According to the latest Convective Outlook report from the National Weather Service’s Storm Prediction Center (SPC), there is an elevated threat of severe storms and tornadoes across portions of Illinois, Indiana, Ohio, West Virginia, Virginia, Pennsylvania, Maryland, Delaware, New York, Kentucky, and New Jersey. There is also an elevated tornado risk across extreme southern Vermont, far western Massachusetts, and northwestern Connecticut. In addition to the threat of severe storms, there is also a threat of soaking rains that could create flooding conditions.
According to the SPC, multiple episodes of convection are likely across a broad region extending from Illinois and Indiana eastward to portions of the Northeast and Mid-Atlantic area, as vorticity maxima rotate through the cyclonic mid-level flow field residing across the northeastern
quarter of the country. The SPC expects some early morning thunderstorm activity across both the Midwest and potentially over portions of the Mid-Atlantic region, possibly including a few stronger, possibly severe storms. As heating occurs and the atmosphere becomes more destabilized through the afternoon, additional thunderstorm action is forecast to evolve across the broader region.
The SPC says that at this time, one area of potentially greater storm coverage and severe weather potential, given the favorably strong wind field forecast to be in place over the region, will be along and east of the higher terrain of the central Appalachians. Storms should develop by early afternoon, and spread east-southeastward with time. Organized and rotating updrafts should evolve due to the available shear in the atmosphere; as such, these stronger storms will be capable of producing large hail and damaging winds.
One area with a tornado threat potential is New Jersey, which just saw a confirmed tornado on Thursday morning. Portions of the Mid Atlantic have seen an uptick in tornadic thunderstorms in the last few years, and more tornadoes are possible in tomorrow’s storm and future storm threats too.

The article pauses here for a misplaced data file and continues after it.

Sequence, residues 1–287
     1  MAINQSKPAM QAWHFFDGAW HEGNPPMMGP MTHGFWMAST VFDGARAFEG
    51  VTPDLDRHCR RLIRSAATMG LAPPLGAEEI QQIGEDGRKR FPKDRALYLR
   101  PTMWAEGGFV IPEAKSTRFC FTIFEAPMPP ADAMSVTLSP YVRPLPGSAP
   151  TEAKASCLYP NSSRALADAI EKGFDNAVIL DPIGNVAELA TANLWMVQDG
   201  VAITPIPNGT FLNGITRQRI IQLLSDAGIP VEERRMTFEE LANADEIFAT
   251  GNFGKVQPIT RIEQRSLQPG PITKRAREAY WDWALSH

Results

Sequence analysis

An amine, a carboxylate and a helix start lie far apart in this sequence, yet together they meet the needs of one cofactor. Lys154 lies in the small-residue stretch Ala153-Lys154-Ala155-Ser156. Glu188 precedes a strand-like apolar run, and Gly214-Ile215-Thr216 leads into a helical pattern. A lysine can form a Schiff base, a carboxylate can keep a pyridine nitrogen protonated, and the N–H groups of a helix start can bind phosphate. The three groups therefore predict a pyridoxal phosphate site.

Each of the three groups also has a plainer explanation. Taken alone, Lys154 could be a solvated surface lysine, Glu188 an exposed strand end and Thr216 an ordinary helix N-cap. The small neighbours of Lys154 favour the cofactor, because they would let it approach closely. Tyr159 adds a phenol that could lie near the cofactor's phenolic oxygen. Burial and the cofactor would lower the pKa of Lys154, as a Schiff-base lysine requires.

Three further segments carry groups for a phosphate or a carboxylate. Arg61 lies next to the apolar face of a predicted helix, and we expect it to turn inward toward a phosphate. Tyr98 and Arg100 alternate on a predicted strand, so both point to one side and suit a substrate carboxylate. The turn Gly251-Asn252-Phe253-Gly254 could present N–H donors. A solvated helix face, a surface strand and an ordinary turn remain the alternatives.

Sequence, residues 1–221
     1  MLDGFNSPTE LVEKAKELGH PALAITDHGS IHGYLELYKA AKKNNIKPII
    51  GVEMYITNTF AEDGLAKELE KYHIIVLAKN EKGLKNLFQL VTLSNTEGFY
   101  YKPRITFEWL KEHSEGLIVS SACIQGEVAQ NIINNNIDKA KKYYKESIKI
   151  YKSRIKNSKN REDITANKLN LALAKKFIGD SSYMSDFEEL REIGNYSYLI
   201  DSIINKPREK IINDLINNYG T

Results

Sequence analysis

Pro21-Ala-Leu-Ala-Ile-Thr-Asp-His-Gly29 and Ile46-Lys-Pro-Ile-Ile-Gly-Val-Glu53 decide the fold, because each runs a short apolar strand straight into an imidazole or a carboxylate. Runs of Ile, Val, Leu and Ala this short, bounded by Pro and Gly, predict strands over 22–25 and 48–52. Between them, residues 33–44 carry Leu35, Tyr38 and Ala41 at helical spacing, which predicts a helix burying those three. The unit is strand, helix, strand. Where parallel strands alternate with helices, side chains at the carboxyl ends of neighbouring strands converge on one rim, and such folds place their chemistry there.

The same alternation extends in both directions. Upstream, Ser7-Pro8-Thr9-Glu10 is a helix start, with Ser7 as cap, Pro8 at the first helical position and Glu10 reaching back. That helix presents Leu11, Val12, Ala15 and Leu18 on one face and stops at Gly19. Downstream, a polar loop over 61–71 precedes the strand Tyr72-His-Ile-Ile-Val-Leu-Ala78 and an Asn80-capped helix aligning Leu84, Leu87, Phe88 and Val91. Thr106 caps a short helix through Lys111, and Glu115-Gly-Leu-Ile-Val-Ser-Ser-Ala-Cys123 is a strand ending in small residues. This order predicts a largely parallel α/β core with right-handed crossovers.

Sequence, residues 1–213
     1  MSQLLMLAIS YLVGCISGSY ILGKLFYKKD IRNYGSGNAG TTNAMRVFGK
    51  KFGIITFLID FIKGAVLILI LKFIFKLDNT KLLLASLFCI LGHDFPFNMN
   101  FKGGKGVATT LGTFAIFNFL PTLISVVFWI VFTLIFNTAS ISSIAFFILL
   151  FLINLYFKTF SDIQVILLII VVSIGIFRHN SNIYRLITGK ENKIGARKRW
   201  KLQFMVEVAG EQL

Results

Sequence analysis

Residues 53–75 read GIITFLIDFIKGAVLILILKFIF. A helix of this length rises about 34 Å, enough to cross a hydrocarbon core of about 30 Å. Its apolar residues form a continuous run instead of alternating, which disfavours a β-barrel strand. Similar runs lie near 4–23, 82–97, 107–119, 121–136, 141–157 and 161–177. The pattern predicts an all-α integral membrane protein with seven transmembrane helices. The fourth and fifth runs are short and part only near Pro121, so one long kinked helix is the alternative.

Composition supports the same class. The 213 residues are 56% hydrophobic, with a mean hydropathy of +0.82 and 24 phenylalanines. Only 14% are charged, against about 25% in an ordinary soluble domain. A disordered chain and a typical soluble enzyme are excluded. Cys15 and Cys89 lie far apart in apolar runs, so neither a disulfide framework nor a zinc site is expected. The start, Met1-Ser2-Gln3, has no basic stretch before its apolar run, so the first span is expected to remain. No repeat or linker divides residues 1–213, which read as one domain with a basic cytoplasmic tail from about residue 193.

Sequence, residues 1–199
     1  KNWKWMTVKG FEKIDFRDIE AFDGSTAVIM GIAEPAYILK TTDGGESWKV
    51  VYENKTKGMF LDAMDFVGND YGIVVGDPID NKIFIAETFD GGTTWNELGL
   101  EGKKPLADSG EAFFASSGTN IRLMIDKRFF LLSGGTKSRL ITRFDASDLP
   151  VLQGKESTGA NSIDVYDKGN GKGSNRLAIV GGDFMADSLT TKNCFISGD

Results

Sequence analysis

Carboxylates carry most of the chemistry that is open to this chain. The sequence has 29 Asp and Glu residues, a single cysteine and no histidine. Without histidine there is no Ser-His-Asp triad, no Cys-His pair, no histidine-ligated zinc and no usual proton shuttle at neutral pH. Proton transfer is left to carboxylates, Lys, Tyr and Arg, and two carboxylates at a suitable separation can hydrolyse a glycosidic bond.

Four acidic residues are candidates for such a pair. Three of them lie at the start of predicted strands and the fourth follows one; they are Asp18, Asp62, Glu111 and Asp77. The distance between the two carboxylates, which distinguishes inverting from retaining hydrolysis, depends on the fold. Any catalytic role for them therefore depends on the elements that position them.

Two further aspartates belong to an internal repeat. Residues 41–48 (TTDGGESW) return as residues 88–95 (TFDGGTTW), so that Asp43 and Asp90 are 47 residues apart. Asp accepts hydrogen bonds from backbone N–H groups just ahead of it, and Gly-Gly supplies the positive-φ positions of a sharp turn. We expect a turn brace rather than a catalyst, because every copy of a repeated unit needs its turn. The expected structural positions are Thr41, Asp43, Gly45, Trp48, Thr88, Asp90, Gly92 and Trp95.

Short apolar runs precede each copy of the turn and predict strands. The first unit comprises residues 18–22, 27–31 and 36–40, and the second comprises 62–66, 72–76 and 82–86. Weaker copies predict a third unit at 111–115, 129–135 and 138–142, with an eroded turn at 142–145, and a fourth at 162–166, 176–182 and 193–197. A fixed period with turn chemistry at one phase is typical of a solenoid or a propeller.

While severe thunderstorms can contain damaging wind gusts, large hail, and isolated tornadoes, tomorrow’s storm set-up could also produce copious amounts of rain.
According to the National Weather Service’s Weather Prediction Center, later tomorrow into Sunday night, a mid-upper level trough will take on a negative tilt as it traverses the Mid-Atlantic and Northeastern Seaboard. Increasing broad-scale low-mid level frontogenesis along with an
uptick in low-level moisture transport will foster numerous showers and thunderstorms from the Mid Atlantic to Southern New England. These storms may produce enough heavy rain over a 1 or 3 hour period to produce flash flood conditions. The greatest threat of flash flood conditions is over Delaware, eastern Maryland and Pennsylvania, all of New Jersey, southeastern New York including all of Long Island, all of Connecticut and Rhode Island, and much of Massachusetts with the exception of Cape Cod.
The National Weather Service cautions people to “turn around, don’t drown; never drive through flood waters.”